Chicken Stock

Ingredients

3-3½ pounds chicken, cut into pieces
3 medium carrots, peeled and quartered
3 celery stalks, quartered
2 medium white onions, peeled and quartered
2 tablespoons chopped fresh rosemary (or 1½ teaspoons dried)
1½ teaspoons dried thyme
2 tablespoons chopped fresh basil (or 1½ teaspoons dried)
2 tablespoons chopped fresh parsley (or 1½ teaspoons dried)
1¼ tablespoons whole black peppercorns
¾ tablespoon salt
1½ cups white wine
3½ quarts (14 cups) water
3 egg yolks, beaten
3 egg whites (optional)

Directions

Makes 2 quarts

Homemade stock is an overnight affair, but the time required will be rewarded whenever you taste a recipe that calls for it.



Place all ingredients except the egg whites (keep these, covered, in the refrigerator) in a large stockpot. Bring to a boil, then simmer 2½ hours, skimming the foam from the top every 30 minutes.

After the 2½ hours, turn off the heat and remove the chicken; reserve for other use. (See Chef’s Tip.) Strain the stock through a fine sieve lined with cheesecloth. Cool to room temperature and then refrigerate, uncovered, overnight.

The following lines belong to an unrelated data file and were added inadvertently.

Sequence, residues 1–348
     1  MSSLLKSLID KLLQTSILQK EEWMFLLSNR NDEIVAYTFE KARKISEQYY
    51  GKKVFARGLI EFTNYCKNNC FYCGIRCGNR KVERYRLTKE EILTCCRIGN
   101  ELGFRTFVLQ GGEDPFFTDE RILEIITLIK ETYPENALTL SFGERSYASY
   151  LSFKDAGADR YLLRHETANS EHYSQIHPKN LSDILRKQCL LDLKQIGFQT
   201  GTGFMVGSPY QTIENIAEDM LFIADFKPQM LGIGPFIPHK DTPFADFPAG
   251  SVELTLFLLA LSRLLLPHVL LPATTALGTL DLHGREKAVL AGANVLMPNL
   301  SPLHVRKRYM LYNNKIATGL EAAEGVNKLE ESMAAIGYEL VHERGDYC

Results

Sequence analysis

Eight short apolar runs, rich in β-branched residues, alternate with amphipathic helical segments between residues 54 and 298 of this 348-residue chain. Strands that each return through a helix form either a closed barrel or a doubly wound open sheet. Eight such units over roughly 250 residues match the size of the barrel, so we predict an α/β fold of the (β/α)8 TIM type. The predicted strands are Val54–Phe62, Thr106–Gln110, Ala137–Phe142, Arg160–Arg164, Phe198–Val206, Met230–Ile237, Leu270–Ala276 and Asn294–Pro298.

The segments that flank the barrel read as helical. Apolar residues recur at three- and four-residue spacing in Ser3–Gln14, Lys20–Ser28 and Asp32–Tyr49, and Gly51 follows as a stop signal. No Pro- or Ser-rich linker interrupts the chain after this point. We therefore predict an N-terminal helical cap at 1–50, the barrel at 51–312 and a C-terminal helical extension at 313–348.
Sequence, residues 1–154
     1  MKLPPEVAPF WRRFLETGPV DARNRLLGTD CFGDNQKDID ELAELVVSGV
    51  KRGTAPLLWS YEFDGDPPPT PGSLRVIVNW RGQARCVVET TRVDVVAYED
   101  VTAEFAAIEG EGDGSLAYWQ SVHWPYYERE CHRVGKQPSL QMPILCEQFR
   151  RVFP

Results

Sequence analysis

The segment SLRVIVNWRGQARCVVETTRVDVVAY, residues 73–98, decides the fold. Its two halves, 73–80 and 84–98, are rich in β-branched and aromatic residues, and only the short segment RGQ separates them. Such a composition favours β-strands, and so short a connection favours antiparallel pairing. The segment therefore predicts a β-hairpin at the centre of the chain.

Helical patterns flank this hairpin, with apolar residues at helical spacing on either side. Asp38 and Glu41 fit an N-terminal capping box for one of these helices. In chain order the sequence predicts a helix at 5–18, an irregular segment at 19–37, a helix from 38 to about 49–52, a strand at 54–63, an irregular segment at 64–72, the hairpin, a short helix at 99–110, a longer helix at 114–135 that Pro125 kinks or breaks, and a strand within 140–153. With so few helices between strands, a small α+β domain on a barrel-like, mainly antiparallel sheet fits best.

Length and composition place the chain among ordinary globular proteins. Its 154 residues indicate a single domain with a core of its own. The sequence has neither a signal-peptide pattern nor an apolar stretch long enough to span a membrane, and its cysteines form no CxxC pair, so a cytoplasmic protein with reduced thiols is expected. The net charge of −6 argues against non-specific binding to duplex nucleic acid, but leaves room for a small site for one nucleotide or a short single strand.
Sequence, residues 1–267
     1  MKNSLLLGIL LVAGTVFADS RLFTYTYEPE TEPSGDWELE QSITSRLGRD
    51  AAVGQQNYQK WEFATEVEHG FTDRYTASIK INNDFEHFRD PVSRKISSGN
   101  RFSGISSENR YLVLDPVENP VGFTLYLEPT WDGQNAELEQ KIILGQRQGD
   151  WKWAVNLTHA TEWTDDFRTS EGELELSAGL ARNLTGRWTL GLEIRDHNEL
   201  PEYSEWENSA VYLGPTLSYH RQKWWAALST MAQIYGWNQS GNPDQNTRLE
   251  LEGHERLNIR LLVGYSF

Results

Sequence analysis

The next day, when the fat has floated to the top and hardened, skim off and discard. Bring the stock to a boil. While it is cooking, beat the egg whites with a whisk or an electric beater until fluffy. Add to the boiling stock, reduce the heat to a simmer, and stir well. The egg whites will harden and entrap most of the impurities in the stock. (See note below.) Strain the stock again through a fine sieve lined with cheesecloth.

The stock is ready for use now, or it may be frozen for up to a month for later use.



CHEF’S NOTE:

The addition of the egg whites will result in a clearer and more flavorful broth. If you don’t mind a cloudy stock, you may omit this step.



CHEF’S TIP:

Here’s an idea for the reserved chicken: Remove any bones, and chop the chicken roughly. Mix well with 1 or 2 beaten eggs, and plenty of freshly grated Parmesan cheese and Italian-style bread crumbs. Roll into balls and cook for 10 to 12 minutes in the boiling stock before you add the egg whites. Serve as dumplings in your favorite soup. These can also be frozen for up to a month.